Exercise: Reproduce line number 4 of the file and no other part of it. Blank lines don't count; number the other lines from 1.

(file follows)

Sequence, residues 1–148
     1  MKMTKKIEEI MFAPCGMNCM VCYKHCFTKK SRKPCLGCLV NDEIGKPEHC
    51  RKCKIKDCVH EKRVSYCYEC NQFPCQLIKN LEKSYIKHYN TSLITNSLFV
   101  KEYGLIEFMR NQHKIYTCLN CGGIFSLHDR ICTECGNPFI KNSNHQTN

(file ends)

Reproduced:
   101  KEYGLIEFMR NQHKIYTCLN CGGIFSLHDR ICTECGNPFI KNSNHQTN